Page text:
Seattle is a good example of how FAA works with aviation interests to promote spending that narrowly benefits the airlines (and FAA employees) while creating significant environmental costs for area residents.
The major hub airport is SeaTac [KSEA], serving primarily Alaska and Delta. NextGen aims to enhance capacity at SeaTac, but here are three reasons why this enhancement is not needed:
- This airport has seen a 24% decline in ATC operations (daily takeoffs and landings) since its peak year in 2000.
- Even after years of decline in takeoffs and landings, airport capacity was nonetheless greatly enhanced with the addition of a third parallel runway in late 2008. (the price tag was more than $1Billion)
- Meanwhile, the airlines have been upgrading their fleet and navigational equipment. The airlines are averse to spending money, so they made these investments simply because it saves them money to be able to let the onboard computer systems optimize the speed, power settings, route, and other flight details.
All of these facts suggest that there is no pressing need for NextGen. The impacts created by NextGen on people around Beacon Hill and other Seattle neighborhoods are happening for one simple reason: FAA needs to spend money, NextGen is their current big spending project, and FAA needs airline and union cooperation to keep Congress supportive of NextGen. Thus, FAA has made deals with their collaborative ‘players’. FAA’s deal with the airlines was a promise to ensure the airlines would get full relief from the environmental restrictions that have been applied for the past few decades, so long as the airlines promised to not challenge the ‘need’ for NextGen.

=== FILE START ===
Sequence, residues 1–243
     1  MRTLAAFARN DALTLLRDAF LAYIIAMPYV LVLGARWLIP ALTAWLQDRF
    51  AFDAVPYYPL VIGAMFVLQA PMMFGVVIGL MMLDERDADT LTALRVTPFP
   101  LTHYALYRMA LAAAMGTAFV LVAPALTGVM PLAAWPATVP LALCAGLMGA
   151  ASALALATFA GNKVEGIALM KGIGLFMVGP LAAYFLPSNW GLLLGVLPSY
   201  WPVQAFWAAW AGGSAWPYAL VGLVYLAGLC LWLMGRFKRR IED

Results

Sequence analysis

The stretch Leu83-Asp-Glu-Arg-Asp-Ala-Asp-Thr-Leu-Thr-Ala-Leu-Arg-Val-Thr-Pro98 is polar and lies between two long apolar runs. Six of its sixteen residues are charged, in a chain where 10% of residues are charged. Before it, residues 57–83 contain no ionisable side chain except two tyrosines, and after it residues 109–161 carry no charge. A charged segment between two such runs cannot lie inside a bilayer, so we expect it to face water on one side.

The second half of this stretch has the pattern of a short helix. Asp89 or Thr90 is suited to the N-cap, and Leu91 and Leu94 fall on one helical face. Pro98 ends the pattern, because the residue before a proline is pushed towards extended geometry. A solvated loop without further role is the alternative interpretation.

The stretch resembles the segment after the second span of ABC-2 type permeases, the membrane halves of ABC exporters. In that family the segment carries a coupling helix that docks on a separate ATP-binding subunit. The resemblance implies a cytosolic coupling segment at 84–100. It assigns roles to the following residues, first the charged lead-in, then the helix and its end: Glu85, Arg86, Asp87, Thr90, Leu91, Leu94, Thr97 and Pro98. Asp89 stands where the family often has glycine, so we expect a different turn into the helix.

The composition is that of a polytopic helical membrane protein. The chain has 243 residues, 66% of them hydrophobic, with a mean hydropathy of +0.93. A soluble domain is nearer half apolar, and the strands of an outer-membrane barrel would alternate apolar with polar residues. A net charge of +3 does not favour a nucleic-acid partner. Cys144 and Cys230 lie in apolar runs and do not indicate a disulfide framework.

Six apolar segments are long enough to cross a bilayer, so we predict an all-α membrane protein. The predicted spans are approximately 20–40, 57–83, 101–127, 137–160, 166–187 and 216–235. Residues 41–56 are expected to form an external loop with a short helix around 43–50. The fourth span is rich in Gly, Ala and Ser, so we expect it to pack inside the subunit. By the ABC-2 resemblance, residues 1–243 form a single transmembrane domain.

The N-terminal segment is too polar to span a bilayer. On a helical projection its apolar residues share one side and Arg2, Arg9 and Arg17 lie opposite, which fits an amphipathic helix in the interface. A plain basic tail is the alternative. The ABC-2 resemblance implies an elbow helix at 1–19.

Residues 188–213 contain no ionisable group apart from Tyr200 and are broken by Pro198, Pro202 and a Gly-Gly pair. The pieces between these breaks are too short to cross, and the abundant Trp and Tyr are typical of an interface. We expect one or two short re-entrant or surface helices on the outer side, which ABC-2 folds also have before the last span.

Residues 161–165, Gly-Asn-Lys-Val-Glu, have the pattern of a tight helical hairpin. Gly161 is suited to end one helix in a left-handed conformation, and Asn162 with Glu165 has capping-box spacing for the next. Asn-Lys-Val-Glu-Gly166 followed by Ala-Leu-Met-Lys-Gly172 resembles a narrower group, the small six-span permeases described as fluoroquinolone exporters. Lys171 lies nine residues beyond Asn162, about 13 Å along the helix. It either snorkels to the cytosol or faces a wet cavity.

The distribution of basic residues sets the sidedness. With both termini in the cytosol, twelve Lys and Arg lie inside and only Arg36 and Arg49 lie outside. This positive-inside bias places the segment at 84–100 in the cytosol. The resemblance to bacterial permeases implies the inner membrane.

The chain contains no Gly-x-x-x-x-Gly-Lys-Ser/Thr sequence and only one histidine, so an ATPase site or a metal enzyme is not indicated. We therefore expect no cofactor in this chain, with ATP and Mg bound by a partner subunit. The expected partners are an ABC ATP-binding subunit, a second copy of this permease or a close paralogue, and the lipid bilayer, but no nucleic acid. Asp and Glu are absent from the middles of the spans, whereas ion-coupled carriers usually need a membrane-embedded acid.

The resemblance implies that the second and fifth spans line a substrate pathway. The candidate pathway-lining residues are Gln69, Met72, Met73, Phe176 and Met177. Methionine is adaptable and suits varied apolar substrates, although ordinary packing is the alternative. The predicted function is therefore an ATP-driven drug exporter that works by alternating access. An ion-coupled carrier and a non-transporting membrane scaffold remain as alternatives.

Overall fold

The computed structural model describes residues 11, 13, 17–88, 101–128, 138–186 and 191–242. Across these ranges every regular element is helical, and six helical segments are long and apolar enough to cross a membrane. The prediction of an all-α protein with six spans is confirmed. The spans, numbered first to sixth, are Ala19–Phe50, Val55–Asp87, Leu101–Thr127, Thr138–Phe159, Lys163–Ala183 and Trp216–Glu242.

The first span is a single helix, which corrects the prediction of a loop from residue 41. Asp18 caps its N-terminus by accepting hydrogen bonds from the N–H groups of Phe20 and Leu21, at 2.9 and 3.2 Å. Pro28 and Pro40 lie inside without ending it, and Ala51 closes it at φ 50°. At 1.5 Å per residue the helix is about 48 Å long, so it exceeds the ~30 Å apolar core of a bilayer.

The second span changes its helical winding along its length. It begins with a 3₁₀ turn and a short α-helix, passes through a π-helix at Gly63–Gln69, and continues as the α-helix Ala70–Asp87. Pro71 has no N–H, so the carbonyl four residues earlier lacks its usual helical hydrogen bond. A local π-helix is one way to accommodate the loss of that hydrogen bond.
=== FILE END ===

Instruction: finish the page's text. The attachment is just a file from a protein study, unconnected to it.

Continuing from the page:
It’s not rocket science; it’s a ‘deal’ concocted behind closed doors. Similar ‘deals’ have been implemented in places like Boston, Charlotte, Chicago, New York, and Phoenix … and more are coming soon.
As is planned for all major commercial airports, FAA continues to implement new RNAV departure procedures that enable the airlines to save a few million dollars annually at each airport, by increasing runway capacity. FAA is hell-bent on approving noise-impacting routes immediately after departing. At Seattle, this means concentrated routes impacting neighborhoods like Beacon Hill. And, what really upsets people is not just the psychological and physical nuisance/damage of the new noise impacts, but the way FAA manipulated the process, effectively ensuring people had no meaningful voice while the program went forward with no real environmental review.